Blog Tuning How to Read Spark Plugs

How to Read Spark Plugs

Reading spark plugs is a essential part to engine tuning. Selecting the right plug will reduce tendency to knock and be sure that your engine is running in a healthy safe zone.

Reading Spark Plugs


Reading spark plugs is a task most people overlook when finishing the tune on a vehicle but really it is one of the more important things to handle before finishing with the car. A good plug read can tell you what the mixture is like, if the heat range is appropriate, and if there is too much timing (or to little).  It is definitely not a replacement for good scanning/datalogging but a better result will be had if you do pair good plug reading and datalogging together.

Reading the ground strap

Reading the ground strap is a easy way to tell if the plug you are using is too hot or cold of a heat range.  It will also give you an idea if the timing is too low or high. For timing you'll also want to check the section about reading the porcelain. The general rule of thumb is you want the annealing mark, that is the spot where the ground strap changes color, to be in the center of the bend in the spark plug.  Don't go crazy chasing this! I would say if your somewhere between the center plug example and the third example you are in a good area. Note that timing can change the location of the anneal mark but generally its a function of plug heat range first, timing second.


Heat range is too hot! The annealing mark on the ground strap has gone past the bend to the base and has even taken up the first thread or two. Step plug range down at least one step. Timing may also be too high, check section on reading porcelain also.



Heat range is too cold. Annealing mark is just at the tip. Sometimes if the plug is too cold the anneal mark will not even show up on the ground strap.  Sometimes in this situation more timing can be used.


Heat range checks perfect. No change needed.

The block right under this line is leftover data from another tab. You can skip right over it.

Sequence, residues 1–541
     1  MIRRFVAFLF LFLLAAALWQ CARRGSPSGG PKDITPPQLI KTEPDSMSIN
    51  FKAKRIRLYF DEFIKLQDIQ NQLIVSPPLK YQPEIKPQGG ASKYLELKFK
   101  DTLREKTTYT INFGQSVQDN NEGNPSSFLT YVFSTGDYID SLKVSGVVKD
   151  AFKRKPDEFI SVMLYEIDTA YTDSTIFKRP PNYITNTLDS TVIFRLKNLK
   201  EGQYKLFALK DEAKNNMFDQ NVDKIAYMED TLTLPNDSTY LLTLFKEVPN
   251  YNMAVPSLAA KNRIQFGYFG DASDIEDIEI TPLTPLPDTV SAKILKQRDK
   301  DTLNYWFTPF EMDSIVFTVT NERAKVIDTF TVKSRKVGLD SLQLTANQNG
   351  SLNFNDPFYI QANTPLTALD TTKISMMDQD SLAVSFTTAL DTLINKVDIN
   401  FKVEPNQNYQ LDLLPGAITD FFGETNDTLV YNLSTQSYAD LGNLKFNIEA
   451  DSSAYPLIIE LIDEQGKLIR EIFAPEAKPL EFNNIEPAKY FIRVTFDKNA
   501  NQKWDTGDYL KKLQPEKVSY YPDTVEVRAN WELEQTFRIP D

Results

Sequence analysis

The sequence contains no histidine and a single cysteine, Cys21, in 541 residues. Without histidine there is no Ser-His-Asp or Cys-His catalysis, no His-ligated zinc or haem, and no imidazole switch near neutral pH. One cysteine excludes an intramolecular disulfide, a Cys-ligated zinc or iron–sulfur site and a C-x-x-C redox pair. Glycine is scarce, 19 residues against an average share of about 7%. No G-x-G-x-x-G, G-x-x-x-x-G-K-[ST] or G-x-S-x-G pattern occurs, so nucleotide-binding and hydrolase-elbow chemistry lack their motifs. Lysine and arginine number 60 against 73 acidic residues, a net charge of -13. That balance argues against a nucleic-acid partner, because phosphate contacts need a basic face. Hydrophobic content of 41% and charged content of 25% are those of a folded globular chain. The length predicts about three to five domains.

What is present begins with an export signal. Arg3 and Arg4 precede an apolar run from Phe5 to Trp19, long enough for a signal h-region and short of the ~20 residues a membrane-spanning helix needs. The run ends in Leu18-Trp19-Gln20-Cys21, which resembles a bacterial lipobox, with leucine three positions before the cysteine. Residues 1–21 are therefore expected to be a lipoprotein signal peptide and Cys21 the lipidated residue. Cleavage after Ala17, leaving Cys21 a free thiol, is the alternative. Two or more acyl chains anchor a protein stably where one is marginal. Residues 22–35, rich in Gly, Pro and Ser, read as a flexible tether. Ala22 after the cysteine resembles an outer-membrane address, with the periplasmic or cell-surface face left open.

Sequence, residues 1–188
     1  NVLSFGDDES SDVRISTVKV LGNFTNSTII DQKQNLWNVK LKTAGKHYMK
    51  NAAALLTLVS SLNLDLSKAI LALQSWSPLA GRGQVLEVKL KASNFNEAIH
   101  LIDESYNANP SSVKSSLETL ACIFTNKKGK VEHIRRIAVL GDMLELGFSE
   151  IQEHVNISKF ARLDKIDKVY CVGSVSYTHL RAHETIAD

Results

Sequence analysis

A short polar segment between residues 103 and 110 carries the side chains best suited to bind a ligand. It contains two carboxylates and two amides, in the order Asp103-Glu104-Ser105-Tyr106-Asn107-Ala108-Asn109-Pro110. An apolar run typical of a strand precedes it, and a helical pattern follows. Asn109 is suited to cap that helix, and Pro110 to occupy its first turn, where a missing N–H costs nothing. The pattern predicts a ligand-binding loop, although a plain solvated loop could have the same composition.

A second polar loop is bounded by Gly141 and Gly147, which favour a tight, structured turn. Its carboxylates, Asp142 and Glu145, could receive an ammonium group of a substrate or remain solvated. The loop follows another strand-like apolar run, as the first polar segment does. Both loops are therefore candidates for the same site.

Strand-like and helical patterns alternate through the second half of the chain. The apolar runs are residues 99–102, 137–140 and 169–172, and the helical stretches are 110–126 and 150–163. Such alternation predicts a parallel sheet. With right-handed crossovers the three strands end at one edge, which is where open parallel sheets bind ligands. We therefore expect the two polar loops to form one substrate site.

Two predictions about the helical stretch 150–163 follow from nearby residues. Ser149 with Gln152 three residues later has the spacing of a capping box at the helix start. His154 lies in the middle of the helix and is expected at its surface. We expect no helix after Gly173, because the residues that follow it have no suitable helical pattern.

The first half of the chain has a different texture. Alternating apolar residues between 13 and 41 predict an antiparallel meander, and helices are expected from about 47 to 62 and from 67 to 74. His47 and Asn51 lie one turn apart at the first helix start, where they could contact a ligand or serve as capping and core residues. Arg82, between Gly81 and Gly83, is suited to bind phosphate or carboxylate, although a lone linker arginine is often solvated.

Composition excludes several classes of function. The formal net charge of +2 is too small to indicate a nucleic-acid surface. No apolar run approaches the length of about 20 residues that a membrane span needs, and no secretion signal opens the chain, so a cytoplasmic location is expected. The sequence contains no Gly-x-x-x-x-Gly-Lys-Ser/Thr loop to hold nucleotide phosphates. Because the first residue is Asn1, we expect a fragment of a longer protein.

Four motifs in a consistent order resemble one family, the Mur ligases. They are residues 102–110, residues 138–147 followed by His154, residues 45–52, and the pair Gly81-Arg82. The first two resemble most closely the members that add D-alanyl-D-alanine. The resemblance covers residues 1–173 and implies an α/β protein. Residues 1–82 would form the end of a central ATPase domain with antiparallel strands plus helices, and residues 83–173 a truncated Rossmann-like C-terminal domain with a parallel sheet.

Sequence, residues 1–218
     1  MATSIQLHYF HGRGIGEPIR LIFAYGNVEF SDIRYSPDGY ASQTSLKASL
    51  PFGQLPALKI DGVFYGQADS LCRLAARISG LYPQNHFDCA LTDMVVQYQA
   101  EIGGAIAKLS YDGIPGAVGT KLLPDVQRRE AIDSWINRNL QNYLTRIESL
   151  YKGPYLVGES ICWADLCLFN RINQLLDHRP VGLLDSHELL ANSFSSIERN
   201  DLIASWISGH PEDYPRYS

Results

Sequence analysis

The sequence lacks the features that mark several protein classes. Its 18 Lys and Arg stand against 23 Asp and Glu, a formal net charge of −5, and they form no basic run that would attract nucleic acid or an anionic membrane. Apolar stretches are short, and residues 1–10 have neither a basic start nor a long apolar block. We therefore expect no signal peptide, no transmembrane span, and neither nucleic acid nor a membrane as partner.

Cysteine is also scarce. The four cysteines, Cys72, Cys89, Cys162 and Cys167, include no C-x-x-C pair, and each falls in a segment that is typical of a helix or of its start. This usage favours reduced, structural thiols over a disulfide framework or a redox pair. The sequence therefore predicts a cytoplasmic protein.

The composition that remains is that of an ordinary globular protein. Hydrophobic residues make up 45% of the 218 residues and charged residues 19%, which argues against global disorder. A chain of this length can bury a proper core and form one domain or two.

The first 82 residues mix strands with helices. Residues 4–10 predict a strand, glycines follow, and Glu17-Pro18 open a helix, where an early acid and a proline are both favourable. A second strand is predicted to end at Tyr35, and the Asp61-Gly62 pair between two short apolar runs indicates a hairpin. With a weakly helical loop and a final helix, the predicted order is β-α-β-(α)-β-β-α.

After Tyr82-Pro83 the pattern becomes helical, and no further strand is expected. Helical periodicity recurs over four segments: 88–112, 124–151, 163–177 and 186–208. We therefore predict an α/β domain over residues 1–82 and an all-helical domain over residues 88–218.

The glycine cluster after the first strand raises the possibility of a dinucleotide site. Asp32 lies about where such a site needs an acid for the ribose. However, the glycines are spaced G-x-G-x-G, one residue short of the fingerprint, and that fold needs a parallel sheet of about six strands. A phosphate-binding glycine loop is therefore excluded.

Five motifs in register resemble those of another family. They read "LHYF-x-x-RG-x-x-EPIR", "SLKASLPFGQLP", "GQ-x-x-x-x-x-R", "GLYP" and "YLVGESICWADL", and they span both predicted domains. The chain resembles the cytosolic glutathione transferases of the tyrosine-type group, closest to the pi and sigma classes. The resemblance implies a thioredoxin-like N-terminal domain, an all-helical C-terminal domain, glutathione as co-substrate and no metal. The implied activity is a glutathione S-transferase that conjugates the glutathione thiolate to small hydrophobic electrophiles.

Reading the spark plug porcelain

Reading the spark plug porcelain is a very important step and requires good eyes, magnifying glass, or otoscope.  This is to be done with a brand new plug and a full throttle pass or dyno run.  It cannot be checked accurately on a plug that has idled or drove around too much.  For best results kill the ignition at the top of the dyno pull or track pass. If your spark plug has little black specs all over it that typically is an indication of a slightly too hot plug or a engine that consumes a little oil.  The black specs are fuel and oil flash frying on the porcelain.  It is not a reason to get too excited unless they are silver or metallic.  If you are able to see little silver or metallic dots/specs on the porcelain be aware, that is a indication of detonation.  Often you will see signs here before you can ever hear it.  Back off timing and also check the ground strap to make sure the heat range is not too high.




Reading the mixture

The last item you can check by reading the plugs is the mixture.  This is a tricky thing to do sometimes. Different types of fuel show up differently for example E85 just about not show up at all while some racing fuels will turn orange or rusty looking.  The best way to do is is to make sure all forced induction or nitrous engines have a good medium dark shade with normal street gas.  A naturally aspirated engine will have a every so slight shade of gray with normal street gas.  Typically 93 octane and a high 12 to low 13:1 AFR will just barely start to take a shade of gray.  The best way to check your plugs mixture is with a otoscope or by cutting the threads off the plug with a lathe.

The amount of shading and the color are going to depend on the engine and fuel used.  Benchmark what you have and work from there. 

Note that we are looking at the shading at the very base of the porcelain.  The fuel that can be seen with the naked eye is the mixture at part throttle and idle.  The fueling that happens at wide open throttle is at the base of the plug only. Also be aware that this is to be done with a brand new plug and a full throttle pass or dyno run.  It cannot be checked accurately on a plug that has idled or drove around too much.  For best results kill the ignition at the top of the dyno pull or track pass.







Example of a good running spark plug

In the example you will notice that the porcelain is clean and without metallic specs - this indicates that detonation is not present.  You will also notice a light shade of gray at the bottom part of the porcelain - this indicates a good mixture.  The last thing to notice is that the anneal mark happens exactly at the bend in the ground strap - this indicates that the plugs are not too hot or cold. 


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